Thursday, May 13, 2010

Gold Skeptic Sticks His Neck Out At Seeking Alpha

It was only a matter of time before someone did. Michael Levy has done the typcial skeptic one better, though: he seems to calls gold's entire bull market a mania. Interestingly, the comments left are mostly supportive towards him.

4 comments:

  1. Hmmm....interesting article and probably applicable to most investors. I believe most investors play the "Bigger Fools Theory" of investment: hoping someone will come along and buy their asset at a higher price than they paid for it with no consideration as to it's underlying value. As a result, we have the modern stock market and it's bizzare evaluations such as "Price/Earnings" ratio and the like - which are, for the most part, meaningless. I mean, what do I care what the price of a stock is? What I really care is what is it's "Net Tangible Value": the replacement value of that share. Then...I ask myself, "Do the company officers print stock and use it like cash" - thus diluting the wealth of each share? And..."What kind of dividend does the stock pay compared to what i payed for it?" Finally, I as..."Can I trust the financial auditors?" (No).

    When all these questions are asked and their answers examined, even trading the "Bluest of the Blue Chip" stocks is not much unlike trading Baseball cards. This is why I no longer buy stocks - I buy precious metals.

    Nevertheless, Precious metals can be over-valued, too, and when their price far exceeds the cost of their mining, refinement, minting and distribution, then a bubble starts to form. Right now, my calculations show that gold is one hell of a bargain at $1092/Oz [I have read the Income Statements of the Tier I miners and crunched the numbers]. Furthermore, since this level of profitability was, for the most part, a result of Place Mining, then it can reasonably be expected that the cost to provide Gold will only increase in the years ahead seeing that the great Placer Deposits are quickly being exploited (and the Tier I companies are returning to hard-rock mining).

    Just my 2 cents.

    ReplyDelete
  2. Your $1,092 price point did hold up as a bargain level, that's for sure. Thanks, John, for making a point that's missed by analysts who are solely demand-focused. Among their ranks are the ones calling for $800 gold right now.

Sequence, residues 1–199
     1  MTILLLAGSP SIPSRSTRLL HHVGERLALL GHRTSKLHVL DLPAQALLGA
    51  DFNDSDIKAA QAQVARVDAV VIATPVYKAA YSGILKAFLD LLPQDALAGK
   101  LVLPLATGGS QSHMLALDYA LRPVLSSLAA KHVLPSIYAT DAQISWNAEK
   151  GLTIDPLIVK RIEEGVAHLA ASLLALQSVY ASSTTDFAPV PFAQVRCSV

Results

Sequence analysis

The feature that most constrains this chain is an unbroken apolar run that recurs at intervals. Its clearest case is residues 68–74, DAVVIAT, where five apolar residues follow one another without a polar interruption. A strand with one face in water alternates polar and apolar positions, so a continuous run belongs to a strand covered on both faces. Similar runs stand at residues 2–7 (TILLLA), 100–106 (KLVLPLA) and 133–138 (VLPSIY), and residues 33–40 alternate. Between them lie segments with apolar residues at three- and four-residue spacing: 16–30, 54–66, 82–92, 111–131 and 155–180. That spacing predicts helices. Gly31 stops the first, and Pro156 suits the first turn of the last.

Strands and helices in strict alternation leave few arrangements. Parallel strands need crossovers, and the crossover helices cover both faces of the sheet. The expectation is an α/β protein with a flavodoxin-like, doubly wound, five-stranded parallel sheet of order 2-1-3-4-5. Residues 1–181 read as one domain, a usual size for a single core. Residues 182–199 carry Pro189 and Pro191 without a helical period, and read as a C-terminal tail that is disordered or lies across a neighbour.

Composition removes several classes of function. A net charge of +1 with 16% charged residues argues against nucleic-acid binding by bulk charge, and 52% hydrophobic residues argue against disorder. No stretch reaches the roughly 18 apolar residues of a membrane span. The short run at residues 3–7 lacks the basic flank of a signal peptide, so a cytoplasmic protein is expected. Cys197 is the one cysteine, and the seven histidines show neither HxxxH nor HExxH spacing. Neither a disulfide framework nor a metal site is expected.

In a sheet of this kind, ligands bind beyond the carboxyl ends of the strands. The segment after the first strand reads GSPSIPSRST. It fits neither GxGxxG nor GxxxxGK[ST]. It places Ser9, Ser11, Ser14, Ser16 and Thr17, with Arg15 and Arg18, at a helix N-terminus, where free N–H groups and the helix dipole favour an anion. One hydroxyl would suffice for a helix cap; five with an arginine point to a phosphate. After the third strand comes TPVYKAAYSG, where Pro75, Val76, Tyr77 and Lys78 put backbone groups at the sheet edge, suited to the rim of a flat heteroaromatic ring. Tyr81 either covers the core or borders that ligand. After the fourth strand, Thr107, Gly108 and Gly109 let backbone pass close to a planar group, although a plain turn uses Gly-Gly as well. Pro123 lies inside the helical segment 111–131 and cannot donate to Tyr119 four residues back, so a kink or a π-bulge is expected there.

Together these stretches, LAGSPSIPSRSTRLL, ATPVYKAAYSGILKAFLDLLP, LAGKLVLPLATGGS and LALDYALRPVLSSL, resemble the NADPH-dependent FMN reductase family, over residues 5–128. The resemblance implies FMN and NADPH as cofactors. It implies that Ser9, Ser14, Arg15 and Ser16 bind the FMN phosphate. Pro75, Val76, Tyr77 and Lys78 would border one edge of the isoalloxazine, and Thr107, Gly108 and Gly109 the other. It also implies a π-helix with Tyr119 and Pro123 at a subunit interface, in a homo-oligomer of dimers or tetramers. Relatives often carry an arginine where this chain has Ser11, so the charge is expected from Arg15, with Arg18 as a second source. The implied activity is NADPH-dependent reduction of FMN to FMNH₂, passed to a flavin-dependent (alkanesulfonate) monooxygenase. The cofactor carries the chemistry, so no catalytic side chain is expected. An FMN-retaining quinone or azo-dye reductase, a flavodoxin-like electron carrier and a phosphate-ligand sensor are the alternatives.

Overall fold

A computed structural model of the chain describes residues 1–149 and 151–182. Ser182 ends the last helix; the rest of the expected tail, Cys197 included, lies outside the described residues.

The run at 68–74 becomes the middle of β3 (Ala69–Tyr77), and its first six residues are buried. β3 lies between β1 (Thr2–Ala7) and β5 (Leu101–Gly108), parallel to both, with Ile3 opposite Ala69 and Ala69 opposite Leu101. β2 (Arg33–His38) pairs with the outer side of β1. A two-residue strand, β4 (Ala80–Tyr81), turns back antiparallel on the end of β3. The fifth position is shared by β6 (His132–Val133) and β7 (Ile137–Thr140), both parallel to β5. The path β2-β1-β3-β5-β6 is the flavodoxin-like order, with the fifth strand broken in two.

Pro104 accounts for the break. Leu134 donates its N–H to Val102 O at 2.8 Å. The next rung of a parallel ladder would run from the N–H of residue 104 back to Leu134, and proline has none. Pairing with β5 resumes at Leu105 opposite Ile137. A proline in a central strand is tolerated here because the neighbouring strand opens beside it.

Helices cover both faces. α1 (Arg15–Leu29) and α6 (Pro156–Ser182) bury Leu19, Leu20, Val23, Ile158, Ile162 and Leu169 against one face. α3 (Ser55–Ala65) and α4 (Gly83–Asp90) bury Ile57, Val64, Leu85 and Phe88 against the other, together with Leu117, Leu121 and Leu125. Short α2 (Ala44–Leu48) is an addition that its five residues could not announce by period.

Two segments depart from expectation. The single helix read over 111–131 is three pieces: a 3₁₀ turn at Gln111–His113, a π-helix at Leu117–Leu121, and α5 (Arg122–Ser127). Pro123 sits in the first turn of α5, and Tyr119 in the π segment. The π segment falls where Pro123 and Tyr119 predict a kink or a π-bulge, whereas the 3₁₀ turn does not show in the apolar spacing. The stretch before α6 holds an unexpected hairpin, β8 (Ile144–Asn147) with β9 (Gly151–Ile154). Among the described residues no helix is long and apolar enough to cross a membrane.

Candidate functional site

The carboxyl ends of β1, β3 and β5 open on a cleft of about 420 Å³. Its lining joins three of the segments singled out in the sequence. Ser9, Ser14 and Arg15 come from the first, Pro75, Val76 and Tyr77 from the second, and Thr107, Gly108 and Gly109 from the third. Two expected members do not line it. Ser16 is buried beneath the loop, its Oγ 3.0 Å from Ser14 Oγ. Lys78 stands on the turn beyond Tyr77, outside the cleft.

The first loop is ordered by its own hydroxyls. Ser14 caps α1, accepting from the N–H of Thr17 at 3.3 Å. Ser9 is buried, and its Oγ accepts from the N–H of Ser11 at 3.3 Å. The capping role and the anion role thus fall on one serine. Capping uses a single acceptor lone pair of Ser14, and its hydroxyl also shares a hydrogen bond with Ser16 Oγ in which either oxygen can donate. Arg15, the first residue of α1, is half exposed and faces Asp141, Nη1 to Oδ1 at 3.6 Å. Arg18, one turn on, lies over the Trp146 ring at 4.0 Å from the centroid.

ReplyDelete
  3. Daniel,

    Gold could easily go back to $800 for a short time - and this would make me very happy for I'd buy a lot more! Nevertheless, sooner or later, I believe Gold is going to Bubble - and it's going to be ugly. For the last 30 years, seems like all I've seen are bubbles: Gold (1980), Junk Bonds, Tech Stocks, Real Estate, Baseball cards....you name it. Fortunately, I've been able to avoid everyone of these bubbles - just walked away - to the dismay of my friends and colleagues at the time the bubbles were inflating. Yeah...it can be said I lest a lot of money on the table, but I didn't get burned either and I slept well at night, too. Hey...and I also made some money along the way! Been totally out of stocks since early 1998.

    The worst peace of investment advice I have ever heard was "Don't argue with the tape". I can't disagree more. When a bubble is inflating, If people would just stop and ask themselves, "Why the hell is this happening...for what reason...and where's the value?", then the world would be a lot better place - and near Bubble Free. People have got to learn when to walk away: if "it looks too good to be true" then that's when they should walk away. Unfortunately, most people seem have a short-term historical perspective and they forget.

    As a result, when Gold goes into a hyper Bubble, you can bet the primary theme will be "It's different this time!" (unlike all the other times, ya' know). Like 1980, I bet gold and Silver rise so fast that Comex limits are hit and trading is stopped for the day...and then repeated on the next day, and the next. It's about this time that I bail.

    What will set it off, I'm not so sure. Maybe it will be like 1979 where there was nothing but inflation, higher crude prices and international strife - all topped by the Xmas invasion of Afghanistan which triggered the hyper-bubble on the next trading day. Or...maybe it will be something a bit different. Who knows?

    Anyways, thanks for making this Blog...I have really enjoyed it and hope to see you post more as the next Gold Bubble draws near.

    Thanks.

    ReplyDelete
  4. its just well thought out and really fantastic to see someone who knows how to put these thoughts down so well. scottsdale periodontist

    ReplyDelete